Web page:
In Augustine's Enchiridion, §112, he writes:
Frustra itaque nonnulli, immo quam plurimi, aeternam damnatorum poenam et cruciatus sine intermissione perpetuos humano miserantur affectu, atque ita futurum esse non credunt
It is quite in vain, then, that some—indeed very many—yield to merely human feelings and deplore the notion of the eternal punishment of the damned and their interminable and perpetual misery. They do not believe that such things will be. (translation source)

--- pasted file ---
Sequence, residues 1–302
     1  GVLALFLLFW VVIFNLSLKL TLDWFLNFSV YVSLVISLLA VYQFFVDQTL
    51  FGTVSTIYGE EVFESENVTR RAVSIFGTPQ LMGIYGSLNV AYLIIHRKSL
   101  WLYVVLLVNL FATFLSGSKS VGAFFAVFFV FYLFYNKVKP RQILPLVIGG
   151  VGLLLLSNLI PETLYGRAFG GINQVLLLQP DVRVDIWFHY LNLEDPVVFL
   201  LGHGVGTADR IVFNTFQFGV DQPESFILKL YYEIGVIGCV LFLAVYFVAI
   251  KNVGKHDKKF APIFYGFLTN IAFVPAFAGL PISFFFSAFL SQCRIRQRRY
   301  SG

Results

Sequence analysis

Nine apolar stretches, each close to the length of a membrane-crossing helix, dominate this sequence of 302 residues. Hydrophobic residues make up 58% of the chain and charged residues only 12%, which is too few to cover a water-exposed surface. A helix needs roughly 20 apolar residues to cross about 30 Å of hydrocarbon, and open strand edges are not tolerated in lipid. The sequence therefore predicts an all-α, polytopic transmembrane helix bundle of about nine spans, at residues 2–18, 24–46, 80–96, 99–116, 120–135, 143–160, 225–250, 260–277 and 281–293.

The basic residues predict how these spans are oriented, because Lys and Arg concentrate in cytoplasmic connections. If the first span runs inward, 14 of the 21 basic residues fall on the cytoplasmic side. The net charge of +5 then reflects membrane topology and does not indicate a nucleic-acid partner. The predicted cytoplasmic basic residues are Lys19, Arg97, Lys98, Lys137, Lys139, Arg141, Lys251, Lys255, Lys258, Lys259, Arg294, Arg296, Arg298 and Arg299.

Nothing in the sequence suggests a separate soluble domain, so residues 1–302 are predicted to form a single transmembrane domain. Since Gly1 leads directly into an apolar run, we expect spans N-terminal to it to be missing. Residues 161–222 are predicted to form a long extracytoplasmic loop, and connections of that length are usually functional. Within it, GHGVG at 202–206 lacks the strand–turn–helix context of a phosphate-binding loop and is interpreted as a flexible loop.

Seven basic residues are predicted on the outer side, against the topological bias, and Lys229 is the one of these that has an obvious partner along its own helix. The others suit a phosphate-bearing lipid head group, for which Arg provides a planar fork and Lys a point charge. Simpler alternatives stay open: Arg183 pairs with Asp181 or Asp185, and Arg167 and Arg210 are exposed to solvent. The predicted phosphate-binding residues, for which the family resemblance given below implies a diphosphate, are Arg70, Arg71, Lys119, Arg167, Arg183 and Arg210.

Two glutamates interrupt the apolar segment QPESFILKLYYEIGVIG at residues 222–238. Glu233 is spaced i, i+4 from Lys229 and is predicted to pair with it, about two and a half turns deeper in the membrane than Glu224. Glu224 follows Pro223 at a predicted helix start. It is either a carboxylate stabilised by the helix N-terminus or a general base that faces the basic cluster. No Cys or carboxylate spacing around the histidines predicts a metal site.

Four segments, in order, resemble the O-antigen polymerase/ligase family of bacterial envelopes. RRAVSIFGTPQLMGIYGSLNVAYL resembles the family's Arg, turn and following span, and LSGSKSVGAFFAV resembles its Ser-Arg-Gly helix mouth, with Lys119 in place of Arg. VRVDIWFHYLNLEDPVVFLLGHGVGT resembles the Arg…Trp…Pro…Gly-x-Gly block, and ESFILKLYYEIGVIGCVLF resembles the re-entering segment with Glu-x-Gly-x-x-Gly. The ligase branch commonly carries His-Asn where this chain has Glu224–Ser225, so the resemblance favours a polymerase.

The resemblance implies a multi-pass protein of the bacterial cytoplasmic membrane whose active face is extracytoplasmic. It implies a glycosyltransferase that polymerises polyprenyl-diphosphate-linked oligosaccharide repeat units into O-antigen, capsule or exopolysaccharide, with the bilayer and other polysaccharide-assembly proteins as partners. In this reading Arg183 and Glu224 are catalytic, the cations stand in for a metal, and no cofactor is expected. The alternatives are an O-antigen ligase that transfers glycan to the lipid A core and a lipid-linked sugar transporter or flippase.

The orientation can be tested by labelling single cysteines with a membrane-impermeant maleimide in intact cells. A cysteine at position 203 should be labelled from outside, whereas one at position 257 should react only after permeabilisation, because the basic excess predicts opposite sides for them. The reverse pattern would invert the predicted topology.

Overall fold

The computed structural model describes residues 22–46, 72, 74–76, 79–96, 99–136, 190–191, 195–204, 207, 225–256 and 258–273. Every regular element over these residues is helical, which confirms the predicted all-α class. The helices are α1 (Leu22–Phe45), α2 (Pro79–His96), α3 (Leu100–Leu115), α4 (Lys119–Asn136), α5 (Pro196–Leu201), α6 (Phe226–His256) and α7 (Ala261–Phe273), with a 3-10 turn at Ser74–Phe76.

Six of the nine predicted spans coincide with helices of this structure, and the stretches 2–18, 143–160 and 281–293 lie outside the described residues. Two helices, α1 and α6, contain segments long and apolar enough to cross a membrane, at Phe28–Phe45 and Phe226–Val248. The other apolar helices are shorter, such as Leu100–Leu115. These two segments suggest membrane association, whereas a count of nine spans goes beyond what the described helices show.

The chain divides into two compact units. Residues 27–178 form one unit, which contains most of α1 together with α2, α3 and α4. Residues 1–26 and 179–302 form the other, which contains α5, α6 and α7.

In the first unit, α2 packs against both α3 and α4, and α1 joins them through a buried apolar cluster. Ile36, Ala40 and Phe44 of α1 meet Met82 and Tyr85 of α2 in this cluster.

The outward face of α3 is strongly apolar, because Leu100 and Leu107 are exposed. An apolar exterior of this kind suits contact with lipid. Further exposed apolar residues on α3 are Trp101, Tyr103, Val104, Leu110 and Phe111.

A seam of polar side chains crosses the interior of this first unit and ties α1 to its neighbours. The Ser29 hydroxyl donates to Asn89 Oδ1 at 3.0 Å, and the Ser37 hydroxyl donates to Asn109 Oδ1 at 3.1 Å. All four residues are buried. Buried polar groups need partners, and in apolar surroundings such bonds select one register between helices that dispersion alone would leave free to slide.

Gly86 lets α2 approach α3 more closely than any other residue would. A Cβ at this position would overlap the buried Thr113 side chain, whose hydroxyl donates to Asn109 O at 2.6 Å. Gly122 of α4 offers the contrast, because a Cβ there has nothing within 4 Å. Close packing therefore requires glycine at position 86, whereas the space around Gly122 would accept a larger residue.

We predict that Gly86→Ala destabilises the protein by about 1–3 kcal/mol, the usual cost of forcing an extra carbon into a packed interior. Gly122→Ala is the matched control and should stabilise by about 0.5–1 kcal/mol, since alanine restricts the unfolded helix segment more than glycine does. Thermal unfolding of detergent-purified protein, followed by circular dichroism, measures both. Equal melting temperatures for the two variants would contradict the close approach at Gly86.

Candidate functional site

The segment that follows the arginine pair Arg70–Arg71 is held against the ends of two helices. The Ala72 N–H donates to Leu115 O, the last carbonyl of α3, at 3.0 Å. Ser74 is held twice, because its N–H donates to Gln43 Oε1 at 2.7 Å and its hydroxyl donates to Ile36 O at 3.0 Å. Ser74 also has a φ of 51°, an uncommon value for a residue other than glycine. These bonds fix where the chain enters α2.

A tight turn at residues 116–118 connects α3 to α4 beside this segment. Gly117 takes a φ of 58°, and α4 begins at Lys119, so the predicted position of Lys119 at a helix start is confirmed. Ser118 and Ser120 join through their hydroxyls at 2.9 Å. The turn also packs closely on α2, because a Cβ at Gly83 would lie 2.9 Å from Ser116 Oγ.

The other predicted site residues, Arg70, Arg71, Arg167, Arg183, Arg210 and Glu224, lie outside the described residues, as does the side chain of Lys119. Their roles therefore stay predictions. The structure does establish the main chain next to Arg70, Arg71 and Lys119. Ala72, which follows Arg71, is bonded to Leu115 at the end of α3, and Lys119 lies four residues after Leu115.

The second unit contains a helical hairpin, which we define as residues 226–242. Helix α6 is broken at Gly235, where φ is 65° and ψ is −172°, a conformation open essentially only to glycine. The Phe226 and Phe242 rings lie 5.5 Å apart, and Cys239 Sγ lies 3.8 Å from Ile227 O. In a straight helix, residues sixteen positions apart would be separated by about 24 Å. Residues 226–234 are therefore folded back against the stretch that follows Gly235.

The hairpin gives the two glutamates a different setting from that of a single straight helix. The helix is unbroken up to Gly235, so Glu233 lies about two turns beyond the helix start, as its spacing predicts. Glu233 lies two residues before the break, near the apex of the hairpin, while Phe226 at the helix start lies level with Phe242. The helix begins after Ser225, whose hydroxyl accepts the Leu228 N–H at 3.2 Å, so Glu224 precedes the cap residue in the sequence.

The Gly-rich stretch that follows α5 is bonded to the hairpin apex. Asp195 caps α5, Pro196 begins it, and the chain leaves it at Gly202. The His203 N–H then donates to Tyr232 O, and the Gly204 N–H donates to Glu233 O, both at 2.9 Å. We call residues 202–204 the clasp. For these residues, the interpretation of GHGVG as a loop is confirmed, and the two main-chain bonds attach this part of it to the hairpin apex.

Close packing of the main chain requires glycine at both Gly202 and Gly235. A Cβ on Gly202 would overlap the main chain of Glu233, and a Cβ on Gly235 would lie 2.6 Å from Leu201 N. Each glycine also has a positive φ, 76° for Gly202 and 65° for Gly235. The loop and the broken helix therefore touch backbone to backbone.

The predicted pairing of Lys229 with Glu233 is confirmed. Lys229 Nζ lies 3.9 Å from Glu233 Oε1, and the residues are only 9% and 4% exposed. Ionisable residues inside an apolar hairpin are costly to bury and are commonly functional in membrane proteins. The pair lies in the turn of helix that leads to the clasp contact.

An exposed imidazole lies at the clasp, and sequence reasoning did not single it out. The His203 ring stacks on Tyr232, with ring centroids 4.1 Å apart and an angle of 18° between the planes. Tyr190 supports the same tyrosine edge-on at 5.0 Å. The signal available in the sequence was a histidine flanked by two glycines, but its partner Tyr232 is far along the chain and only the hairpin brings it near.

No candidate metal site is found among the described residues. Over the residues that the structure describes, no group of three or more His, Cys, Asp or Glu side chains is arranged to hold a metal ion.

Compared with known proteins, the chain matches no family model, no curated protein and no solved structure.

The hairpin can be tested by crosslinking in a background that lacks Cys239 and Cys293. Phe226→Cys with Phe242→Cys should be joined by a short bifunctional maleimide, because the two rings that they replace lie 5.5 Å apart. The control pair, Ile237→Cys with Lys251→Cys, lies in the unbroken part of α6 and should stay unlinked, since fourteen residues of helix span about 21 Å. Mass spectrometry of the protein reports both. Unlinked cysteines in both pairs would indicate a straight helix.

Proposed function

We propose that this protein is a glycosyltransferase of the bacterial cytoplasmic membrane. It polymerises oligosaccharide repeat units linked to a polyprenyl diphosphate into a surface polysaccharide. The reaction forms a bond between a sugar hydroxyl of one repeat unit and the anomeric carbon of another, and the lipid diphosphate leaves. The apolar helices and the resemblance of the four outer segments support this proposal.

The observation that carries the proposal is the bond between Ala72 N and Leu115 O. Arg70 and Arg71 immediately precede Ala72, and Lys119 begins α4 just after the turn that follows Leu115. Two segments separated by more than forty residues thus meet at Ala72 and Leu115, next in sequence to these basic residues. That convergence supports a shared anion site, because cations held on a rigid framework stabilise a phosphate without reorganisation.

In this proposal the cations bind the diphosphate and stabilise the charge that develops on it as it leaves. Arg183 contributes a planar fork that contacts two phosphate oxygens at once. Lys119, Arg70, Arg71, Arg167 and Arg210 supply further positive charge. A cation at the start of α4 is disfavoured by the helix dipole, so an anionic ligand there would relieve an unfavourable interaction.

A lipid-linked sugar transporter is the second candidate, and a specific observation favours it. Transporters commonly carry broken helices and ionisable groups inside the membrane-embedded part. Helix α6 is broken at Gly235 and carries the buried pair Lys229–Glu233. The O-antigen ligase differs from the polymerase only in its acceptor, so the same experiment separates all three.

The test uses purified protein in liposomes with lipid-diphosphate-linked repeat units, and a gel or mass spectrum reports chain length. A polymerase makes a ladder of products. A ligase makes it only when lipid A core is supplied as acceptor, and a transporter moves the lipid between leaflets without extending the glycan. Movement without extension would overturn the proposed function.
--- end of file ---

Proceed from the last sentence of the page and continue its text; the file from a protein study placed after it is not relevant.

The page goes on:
Within Christianity, there is ongoing debate over whether hell is eternal or not, and this text of Augustine's is often brought into the fray. For example, a popular blog cites a noted opponent of the eternality of hell this way:
When Augustine described the Universalists as “indeed very many” (immo quam plurimi), what he meant is that they were a “vast majority” (Ramelli, Christian Doctrine, 11). That is what the Latin word plurimi, from the adjective plurimus, implies.
Whitaker's Words and Lewis & Short seem to suggest that both "many" and "most" are viable translations, but these sources are limited in that they don't focus on Late Latin in general or Augustine in particular. So I'm still left wondering – can we conclusively state plurimi here is best rendered "vast majority," or is the traditional translation "very many" defensible?